Lawyer seeks to have historic sexual assault allegation removed from Laurentian’s claims process


“This is a claim, which we respectfully submit, should be dealt with outside of this process,” the plaintiff’s attorney said.

Lawyer representing woman seeking millions in damages for sexual assault she says occurred when she was a student at Laurentian University in 1979, argues legislation allows case to be dropped of LU’s current insolvency restructuring process.

Laurentian is still under creditor protection under the Companies’ Creditors Arrangement Act (CCAA).

The woman’s lawyer, Aron Zaltz, is trying to add Laurentian as a defendant in a lawsuit brought by his client against the University of Sudbury (one of the former federated universities operating on the LU campus) in relation to this affair.

To do this, the stay of proceedings protecting LU from its creditors must be lifted in this specific case.

The matter was heard by Chief Justice Geoffrey Morawetz, the judge who has heard most of Laurentian’s insolvency-related cases, in a three-hour hearing on April 8.

According to court documents, the woman, Barbara Robinson, alleges she was sexually assaulted by John Sahadat, a professor of religion at the University of Sudbury, while a student there in the late 1970s. Sahadat died in May 2021.

None of the allegations made by Robinson have been proven in court.

While Sahadat was employed by the University of Sudbury, Zaltz said the alleged abuse occurred while Robinson was enrolled in Sahadat’s classes as a student at Laurentian.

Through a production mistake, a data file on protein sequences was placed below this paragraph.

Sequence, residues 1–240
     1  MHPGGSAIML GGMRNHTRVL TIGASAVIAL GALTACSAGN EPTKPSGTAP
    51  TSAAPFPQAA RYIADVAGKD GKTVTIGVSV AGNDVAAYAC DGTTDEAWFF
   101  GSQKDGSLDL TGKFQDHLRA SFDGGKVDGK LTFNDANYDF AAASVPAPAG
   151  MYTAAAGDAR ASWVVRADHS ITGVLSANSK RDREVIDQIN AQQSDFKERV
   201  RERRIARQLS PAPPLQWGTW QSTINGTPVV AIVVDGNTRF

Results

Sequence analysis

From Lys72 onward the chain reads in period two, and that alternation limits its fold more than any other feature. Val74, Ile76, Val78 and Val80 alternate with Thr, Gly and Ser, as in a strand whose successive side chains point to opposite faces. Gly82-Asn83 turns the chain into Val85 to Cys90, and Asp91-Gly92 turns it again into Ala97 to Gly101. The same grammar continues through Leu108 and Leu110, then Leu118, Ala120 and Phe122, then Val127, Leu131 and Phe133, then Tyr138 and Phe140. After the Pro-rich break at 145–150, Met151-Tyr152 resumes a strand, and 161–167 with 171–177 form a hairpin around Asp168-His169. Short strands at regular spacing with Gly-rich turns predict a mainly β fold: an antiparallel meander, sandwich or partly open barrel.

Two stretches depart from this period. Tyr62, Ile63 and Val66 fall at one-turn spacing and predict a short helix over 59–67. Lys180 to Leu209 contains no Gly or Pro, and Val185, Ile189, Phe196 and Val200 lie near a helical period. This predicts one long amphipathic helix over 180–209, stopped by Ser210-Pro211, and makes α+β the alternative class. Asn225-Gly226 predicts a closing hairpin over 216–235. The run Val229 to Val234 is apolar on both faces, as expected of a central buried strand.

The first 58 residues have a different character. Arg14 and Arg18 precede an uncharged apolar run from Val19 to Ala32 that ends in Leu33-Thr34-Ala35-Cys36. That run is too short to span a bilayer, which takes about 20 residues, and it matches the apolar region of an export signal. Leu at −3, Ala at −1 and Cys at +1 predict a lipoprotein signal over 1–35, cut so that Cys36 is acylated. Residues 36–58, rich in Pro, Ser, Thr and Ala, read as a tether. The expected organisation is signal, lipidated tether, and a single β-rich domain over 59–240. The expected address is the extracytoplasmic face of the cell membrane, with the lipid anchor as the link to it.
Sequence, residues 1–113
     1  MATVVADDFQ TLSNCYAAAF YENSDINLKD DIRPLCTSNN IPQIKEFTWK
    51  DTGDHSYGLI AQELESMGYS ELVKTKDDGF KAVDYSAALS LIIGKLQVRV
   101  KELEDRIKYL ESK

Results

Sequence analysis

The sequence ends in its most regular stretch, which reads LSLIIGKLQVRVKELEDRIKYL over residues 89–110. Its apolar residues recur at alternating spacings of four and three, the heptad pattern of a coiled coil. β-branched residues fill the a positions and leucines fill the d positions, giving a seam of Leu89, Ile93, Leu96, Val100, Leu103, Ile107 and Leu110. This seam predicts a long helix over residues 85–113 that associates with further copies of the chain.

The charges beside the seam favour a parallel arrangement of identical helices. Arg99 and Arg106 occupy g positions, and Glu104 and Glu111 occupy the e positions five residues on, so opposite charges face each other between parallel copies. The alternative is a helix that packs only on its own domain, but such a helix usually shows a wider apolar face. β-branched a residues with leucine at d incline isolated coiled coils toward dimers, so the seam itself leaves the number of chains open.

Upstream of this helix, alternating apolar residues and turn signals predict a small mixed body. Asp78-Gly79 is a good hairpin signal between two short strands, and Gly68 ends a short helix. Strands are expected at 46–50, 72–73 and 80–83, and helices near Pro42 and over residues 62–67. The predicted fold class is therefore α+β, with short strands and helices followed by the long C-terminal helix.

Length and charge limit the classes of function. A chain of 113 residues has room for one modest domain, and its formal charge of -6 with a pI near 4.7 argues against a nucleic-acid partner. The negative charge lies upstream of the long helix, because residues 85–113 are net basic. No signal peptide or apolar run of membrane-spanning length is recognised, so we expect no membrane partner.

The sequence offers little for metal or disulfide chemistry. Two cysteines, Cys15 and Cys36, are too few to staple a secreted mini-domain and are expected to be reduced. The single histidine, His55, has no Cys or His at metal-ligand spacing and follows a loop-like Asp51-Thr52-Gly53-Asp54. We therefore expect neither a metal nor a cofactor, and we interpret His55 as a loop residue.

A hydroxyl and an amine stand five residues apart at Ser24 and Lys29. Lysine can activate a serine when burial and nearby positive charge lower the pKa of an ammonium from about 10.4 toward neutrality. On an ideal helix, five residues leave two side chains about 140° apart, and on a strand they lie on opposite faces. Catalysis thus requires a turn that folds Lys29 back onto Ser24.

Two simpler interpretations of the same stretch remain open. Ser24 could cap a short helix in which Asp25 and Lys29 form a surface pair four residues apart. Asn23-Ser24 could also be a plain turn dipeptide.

Robinson filed a $5 million claim against Laurentian University over it as part of its insolvency claims process last summer, but the claim was dismissed, with Laurentian’s CCAA monitor saying that Sahadat was an employee of the University of Sudbury, not LU.

She appealed the decision, but that appeal is pending while the motion to lift the stay on her case is before the courts.

A $5 million lawsuit was also filed by Robinson on March 14 against the University of Sudbury over the same alleged historical sexual assaults.

Zaltz is trying to have the stay of proceedings against Laurentian lifted so that LU can be added as a defendant to the lawsuit against the University of Sudbury.

To defend his point of view, he cites a certain section of the CCAA (s. 19(2)(b)(i)) which he considers to be an “exception” in the law.

This could allow an individual to access damages against a “corporate debtor” under the CCAA. These damages should have been awarded by a court in a civil proceeding related to “intentionally inflicted bodily harm or sexual assault”.

In this case, no award has yet been granted to his client, but Zaltz argues that the CCAA section still applies. He said the issue had never been tested in court.

“This is a complaint, which we respectfully submit, which should be addressed outside of this process,” Zaltz said.

Robinson has agreed to immediately withdraw from Laurentian’s CCAA claims process if the courts grant the stay motion.